Chemical contamination with cytotoxics: sources of contaminations (vials & final products)
Chimie ParisTech; Sorbonne Paris Cité; Chemical, Genetic and Imaging Pharmacology Laboratory, F-75006 Paris, France
CHI Poissy Saint Germain-en-Laye, Pharmacy department, 20 rue Armagis. 78105 Saint Germain-en-Laye, France
External surface contamination of manufactured vials with cytotoxics was widely published for many years (Connor et al. 2005; Delporte JP, et al.,1999; Favier B, et al. 2003; Mason HJ, et al. 2003)and is still an issue in 2012 according to recent papers published (Touzin et al,2008, Schierl et al., 2010, Hama et al., 2011). Vials contamination contributes to widespread contamination inside working areas within the collective protection (isolator or BSC) but also in their immediate environment. Despite implementation of corrective measures by manufacturers i.e. cleaning procedure of vials and protective overwrapping (i.e shrink wrap and plastic containers) there is still a residual risk of contamination. Cleaning procedure with washing machine is routinely used by pharmaceutical companies during manufacturing process (pharmaceutical companies’ debate, GERPAC, 2009). But it has been specified that this process is unable to remove potential contamination between flip off cap and rubber stopper. This contamination risk was previously highlighted by V’Ian Fenton-May during GERPAC, 2004. All manufacturers confirmed during the GERPAC debate in 2009, the inability of the washing process to remove the rubber stopper contamination. Moreover, it has been shown that outer packaging of vials may be contaminated as well (Hedmer et al., 2005) and when manufacturer used the same production plant, cross contamination with other cytotoxic drugs was possible as shown by Schierl et al., Hedmer et al., 2005; Mason et al, 2003) for cyclophosphamide & ifosfamide. The level of contamination found on vials over the different studies was unpredictable, from no contamination (under the detection limit of analytical method) and detectable contamination with large amounts up to µg scale.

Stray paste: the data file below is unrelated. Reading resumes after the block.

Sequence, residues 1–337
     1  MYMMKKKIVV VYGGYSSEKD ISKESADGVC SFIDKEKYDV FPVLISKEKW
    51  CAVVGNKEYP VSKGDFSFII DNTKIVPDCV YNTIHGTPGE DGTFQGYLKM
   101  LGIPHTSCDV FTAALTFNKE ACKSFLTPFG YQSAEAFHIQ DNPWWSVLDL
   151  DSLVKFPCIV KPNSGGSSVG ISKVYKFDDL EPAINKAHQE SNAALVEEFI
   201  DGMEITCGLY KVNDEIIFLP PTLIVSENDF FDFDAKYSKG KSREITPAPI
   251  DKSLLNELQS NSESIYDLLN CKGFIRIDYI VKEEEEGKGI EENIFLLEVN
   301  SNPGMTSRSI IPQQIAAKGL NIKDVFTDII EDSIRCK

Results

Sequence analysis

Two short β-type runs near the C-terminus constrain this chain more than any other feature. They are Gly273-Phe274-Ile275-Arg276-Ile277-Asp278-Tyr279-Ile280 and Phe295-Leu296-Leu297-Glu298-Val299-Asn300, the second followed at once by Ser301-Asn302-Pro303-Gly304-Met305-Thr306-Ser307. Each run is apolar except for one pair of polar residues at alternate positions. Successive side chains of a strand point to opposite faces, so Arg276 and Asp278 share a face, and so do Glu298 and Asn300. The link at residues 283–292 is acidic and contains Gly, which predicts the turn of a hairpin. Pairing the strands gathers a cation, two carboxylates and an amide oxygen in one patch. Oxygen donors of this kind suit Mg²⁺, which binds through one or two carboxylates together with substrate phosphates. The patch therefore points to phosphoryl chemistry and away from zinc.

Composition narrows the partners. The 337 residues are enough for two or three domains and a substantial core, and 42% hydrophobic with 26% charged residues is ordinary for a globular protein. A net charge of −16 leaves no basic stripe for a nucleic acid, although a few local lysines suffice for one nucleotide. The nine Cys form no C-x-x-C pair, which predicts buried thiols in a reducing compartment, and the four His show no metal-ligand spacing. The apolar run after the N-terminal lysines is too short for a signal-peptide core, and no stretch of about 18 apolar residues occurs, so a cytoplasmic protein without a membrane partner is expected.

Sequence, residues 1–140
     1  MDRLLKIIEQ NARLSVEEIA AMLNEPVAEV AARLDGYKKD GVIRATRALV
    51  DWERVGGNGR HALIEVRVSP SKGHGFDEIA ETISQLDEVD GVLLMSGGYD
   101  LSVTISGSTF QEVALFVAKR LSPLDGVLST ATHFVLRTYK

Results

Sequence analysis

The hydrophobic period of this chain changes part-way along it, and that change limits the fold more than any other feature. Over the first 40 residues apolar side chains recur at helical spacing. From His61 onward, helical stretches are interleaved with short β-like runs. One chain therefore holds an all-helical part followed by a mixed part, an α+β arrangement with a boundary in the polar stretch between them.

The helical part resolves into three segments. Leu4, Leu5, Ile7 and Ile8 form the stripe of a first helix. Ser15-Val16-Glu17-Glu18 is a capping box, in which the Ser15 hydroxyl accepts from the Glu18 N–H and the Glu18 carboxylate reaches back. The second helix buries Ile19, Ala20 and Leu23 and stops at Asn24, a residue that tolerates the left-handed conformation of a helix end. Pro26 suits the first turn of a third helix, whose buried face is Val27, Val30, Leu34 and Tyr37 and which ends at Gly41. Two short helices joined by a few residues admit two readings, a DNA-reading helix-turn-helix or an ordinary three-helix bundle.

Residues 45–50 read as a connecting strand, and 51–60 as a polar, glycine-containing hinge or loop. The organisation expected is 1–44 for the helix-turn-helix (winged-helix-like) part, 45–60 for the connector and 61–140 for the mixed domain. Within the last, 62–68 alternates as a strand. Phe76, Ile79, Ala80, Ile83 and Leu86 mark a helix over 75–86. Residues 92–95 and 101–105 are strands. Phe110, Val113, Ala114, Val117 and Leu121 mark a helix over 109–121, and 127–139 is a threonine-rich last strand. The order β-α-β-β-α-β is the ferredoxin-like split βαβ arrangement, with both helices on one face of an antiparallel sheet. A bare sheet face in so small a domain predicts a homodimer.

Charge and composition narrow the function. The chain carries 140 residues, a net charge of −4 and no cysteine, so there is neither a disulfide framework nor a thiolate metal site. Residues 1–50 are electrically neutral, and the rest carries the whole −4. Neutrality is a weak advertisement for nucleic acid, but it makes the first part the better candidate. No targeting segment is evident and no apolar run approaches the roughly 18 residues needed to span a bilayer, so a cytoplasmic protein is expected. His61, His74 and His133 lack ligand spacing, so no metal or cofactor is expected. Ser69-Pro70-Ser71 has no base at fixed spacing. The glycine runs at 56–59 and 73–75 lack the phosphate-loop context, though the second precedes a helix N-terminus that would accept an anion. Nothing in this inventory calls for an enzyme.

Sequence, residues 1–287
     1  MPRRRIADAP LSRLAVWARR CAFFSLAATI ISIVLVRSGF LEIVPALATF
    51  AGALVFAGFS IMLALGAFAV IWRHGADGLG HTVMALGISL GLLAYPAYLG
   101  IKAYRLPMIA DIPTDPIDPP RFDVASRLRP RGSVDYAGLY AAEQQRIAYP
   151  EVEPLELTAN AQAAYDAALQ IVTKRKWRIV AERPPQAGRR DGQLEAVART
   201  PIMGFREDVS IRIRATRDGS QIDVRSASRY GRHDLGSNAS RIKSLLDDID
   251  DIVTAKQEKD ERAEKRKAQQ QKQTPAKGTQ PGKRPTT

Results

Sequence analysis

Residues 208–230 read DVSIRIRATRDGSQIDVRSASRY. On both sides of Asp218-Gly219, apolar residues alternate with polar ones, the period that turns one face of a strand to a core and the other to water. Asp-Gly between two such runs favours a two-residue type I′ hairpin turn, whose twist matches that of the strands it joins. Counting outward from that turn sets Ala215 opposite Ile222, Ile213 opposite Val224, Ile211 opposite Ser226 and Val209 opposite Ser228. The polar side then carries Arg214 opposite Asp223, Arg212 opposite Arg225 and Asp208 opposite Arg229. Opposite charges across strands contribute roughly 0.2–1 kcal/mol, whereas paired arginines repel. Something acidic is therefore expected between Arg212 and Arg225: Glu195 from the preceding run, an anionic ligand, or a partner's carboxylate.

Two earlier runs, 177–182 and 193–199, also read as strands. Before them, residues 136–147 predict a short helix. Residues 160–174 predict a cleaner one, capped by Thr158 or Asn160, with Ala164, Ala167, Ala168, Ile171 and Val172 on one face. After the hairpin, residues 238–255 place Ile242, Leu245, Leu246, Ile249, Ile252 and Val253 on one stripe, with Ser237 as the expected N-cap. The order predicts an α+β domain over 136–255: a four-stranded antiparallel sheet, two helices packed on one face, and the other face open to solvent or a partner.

Considering the protective systems, shrink wrap was shown to considerably reduce the vial contamination (Schierl et al, 2010), but it must be taken into mind that contamination under flip off cap is still an issue. The problem is then to be able to implement procedures to limit exposure of operators. Main issue for operators’ exposure risk is the handling procedures of vials outside equipments. A study presented in 2009 by Podilsky (Mosset et al., GERPAC 2009) simulating the procedure for introducing vials into BSC pointed out the risk of using spraying method with disinfectants and suggested the substitution of spraying by wiping method to limit the spread of contamination. In a similar way, Mason et al., 2005 pointed out the risk of dermal exposure outside isolators when spraying vials outside isolators. To limit exposure of operators with contaminated vials, simple protective measures can be implemented and will be discussed.
When considering the residual contamination of vials in combination with the process of preparation, contamination can be transferred to the final products as previously shown by Gilles et al, 2004. In similar way as the manufactured vials, the final product is also chemically contaminated and probably cross contaminated by more than one cytotoxic inside the collective equipment. Proper gloving, with high frequency of changes is able to limit this contamination. Kamguia et al., GERPAC 2005, reduced the contamination of final product by implementing additional cleaning method using anionic surfactant agent. More recently, Queruau Lamerie et al, GERPAC 2011, highlighted the interest of surfactant agents for removing cytotoxic contamination on surfaces. So, more than an universal method for degradation of cytotoxic which is not available, it is worth to use a cleaning method able to remove the contaminants from surfaces (i.e. surfactant) in combination with proper methods for containment and destruction of waste.
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